The Church, the Draft Board, and Me (3 of 12)
The Church, Part 2: “The Habit Covers a Multitude of Sins”6
I trace the emergence of depression to a day in my third year of high school when my confessor Father Alexander — who was weak in zoology as well as pastoral theology, I would later understand — withheld God’s forgiveness from me. Although I had followed his instructions to participate in Mass and confession more often, I had continued to “abuse” myself. “That’s disgusting,” he said in the confessional. “Not even the animals do that. You come in here every week and confess the same mortal sin. [Mortal means soul-damning; I’ll discuss that further in a sidebar.] Absolution requires a sincere intention to reform: clearly, you have no such intention. I will not absolve you until you’ve stopped committing that sin, and I forbid you to seek absolution from another priest.”
The result of that abortive confession was relentless self-loathing and fear of hell as I amassed mortal sins. Despite the shame and dread, I was unable to stop “committing that sin.” Further, my transgressions now included weekly sacrilege: not wanting my parents to know of my sinfulness, I continued to receive communion when they took me to Mass on Sundays; each reception while unshriven was yet another grievous sin. God had called me to his holy priesthood, and this was my response? During that time, I wrote a short poem to express my state of mind. I called it “Prison of Vice.”
How long must I bear
This filthy place?
Must I hide here forever?
There must be sunlight somewhere,
And fresh air; I know it.
But will I ever
Find the courage to break free,
To regain my lost humanity
And get out of this loathsome place?
It is surely significant that I can type those lines from memory over half a century later. Back then, I couldn’t see that “Prison of Catholicism” would have been a better title, that I was bound by what William Blake called “mind-forg’d manacles.”7 The Church had convinced me that the sickness was in my own failure to love and obey God.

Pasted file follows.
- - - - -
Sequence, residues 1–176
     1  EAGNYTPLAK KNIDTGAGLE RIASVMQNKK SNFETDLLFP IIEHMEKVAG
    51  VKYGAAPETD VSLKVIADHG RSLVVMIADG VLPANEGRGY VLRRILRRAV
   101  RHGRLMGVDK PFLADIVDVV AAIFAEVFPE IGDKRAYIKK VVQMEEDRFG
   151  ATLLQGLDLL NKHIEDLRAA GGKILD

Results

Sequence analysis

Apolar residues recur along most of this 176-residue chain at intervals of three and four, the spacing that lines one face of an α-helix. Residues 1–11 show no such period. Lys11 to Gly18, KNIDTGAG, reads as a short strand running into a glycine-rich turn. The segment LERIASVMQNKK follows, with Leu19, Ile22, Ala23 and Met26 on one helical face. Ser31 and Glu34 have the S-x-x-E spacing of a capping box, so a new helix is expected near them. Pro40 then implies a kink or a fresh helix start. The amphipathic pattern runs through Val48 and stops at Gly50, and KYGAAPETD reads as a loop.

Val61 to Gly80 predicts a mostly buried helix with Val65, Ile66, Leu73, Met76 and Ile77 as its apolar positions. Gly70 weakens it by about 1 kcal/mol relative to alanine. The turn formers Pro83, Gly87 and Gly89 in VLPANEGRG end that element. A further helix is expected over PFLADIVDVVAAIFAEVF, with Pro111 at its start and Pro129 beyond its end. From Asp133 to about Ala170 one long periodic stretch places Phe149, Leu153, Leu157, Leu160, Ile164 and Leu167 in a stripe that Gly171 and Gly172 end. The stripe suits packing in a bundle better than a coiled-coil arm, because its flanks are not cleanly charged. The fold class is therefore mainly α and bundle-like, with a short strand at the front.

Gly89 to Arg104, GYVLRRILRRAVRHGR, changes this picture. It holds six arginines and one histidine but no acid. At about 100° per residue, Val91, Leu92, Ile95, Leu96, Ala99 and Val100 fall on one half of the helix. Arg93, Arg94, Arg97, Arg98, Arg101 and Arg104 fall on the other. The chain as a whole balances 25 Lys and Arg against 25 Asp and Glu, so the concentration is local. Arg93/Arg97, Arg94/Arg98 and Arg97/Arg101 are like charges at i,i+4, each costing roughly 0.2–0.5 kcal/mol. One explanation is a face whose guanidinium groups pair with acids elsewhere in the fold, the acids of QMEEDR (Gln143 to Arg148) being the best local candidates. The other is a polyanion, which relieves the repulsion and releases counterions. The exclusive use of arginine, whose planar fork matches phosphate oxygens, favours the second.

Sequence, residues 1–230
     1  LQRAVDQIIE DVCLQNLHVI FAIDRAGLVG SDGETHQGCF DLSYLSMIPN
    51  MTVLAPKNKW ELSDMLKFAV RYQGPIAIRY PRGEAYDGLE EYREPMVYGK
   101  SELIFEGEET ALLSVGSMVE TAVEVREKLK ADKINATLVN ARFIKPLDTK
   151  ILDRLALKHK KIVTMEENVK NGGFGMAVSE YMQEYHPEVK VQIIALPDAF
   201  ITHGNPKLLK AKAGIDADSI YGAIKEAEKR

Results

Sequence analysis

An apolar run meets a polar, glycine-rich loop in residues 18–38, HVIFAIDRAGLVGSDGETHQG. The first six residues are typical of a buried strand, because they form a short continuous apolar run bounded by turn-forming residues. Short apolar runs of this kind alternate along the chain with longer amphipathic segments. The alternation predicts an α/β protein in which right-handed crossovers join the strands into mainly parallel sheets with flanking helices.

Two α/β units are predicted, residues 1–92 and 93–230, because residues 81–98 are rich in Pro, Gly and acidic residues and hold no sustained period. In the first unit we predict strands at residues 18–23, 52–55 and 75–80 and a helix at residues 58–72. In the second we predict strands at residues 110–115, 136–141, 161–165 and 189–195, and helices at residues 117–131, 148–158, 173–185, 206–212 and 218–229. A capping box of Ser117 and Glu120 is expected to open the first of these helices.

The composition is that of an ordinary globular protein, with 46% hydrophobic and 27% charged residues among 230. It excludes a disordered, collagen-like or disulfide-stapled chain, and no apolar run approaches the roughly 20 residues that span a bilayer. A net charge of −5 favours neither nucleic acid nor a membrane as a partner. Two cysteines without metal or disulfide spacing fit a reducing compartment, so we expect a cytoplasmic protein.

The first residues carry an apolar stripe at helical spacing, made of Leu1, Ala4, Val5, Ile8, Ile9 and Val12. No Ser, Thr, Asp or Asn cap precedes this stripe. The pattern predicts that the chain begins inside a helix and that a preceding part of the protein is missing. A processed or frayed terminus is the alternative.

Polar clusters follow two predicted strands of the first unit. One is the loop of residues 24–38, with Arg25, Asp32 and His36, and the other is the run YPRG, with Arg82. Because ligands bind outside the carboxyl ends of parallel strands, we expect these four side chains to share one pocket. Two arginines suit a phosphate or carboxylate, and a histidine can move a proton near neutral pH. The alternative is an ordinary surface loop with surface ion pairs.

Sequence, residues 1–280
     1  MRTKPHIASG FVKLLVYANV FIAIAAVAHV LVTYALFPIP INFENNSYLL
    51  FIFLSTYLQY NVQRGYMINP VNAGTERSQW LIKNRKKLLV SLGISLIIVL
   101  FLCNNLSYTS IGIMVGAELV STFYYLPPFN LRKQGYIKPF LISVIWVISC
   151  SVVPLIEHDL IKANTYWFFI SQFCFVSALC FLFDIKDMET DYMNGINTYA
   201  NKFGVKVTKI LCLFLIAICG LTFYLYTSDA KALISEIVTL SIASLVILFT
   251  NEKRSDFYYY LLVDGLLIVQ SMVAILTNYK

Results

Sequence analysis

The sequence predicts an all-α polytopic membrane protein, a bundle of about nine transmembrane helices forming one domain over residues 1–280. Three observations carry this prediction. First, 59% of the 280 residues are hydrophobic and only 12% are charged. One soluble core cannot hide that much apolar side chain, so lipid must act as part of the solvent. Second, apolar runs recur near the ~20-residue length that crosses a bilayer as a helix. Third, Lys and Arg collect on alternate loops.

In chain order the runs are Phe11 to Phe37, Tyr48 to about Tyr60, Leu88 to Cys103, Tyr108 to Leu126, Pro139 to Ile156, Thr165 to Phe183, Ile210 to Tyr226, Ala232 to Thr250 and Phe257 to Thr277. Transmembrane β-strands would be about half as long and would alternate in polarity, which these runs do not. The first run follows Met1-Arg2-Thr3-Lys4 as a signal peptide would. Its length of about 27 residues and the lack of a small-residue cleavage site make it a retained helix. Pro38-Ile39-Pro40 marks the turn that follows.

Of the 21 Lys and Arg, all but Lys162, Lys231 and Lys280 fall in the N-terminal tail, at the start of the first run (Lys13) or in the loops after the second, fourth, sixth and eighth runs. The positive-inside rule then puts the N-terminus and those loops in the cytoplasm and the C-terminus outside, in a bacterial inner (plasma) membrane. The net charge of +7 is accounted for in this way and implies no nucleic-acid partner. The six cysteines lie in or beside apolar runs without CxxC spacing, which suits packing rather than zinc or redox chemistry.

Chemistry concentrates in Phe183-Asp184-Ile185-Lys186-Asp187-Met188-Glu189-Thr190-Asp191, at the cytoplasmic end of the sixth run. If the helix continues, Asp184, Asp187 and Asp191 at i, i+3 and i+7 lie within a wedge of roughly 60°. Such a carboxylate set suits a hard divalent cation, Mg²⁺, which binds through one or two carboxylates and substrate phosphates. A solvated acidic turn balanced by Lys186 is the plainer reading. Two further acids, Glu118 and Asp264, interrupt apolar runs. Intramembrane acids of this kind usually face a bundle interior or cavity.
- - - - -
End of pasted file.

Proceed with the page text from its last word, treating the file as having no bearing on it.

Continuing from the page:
After months of despair, I revealed my situation to a young teacher whom I felt I could trust. I’ll call him Father X. “Ninety-eight out of a hundred males do that,” Father X said of the behavior I’d thought depraved, “and the other two are liars.” I was stunned.
Saying that Father Alexander must have misunderstood a settled matter of moral theology, Father X then explained the doctrine of “habitual sin.” When a person repeats a grievously sinful act so often that it becomes a fixed habit, he told me, that person is no longer able to consent fully to that act and is, therefore, no longer committing mortal sin. (The person may be committing “venial” sin, but such minor offenses do not damn the soul to hell and need not be confessed.) I just needed to confess the sin of allowing the habit to develop, he said; ongoing instances of a habitual act were not seriously sinful, and they were probably not sinful at all if the person regretted the habit, as I did. I formally confessed, and he absolved me. No longer damned and no longer doomed to repeatedly re-damn myself, I felt weightless with relief.
Although the doctrine of habitual sin was wondrously convenient, it was well-established in Catholic moral teaching. Here is an excerpt from a 1956 article in a Catholic journal of theology:
Moral theology admits that the habit of sin, considered in itself, may be and often is completely sinless. Even when a habit of sin has been contracted deliberately and sinfully, once the habitual sinner repents of the sin involved in contracting the habit and sincerely resolves to use efficacious means to correct the habit, the habit itself is considered involuntary and sinless. This means that, hereafter, and as long as he remains in the same good dispositions, the individual acts placed under the influence of habit are no longer attributed to him in causa. This means, further, that the formal guilt of any future individual acts, placed under the influence of the acquired habit, must be judged from the individual acts themselves, i.e., according to the amount of effective control he was able to exercise in each instance, considering all the internal and external circumstances of the act.
This is a commonplace of moral theology. It is emphasized here because when the priest meets a habitual sinner, either in or out of the confessional, he is dealing generally with a sinner who sincerely repents of his acquired habit and is willing to use the necessary means to correct his habit of sin.8
It may have been a commonplace among moral theologians, but I suspect that most Catholics would be as surprised to learn of it as I was. It may be too dangerous a doctrine to be widely propagated.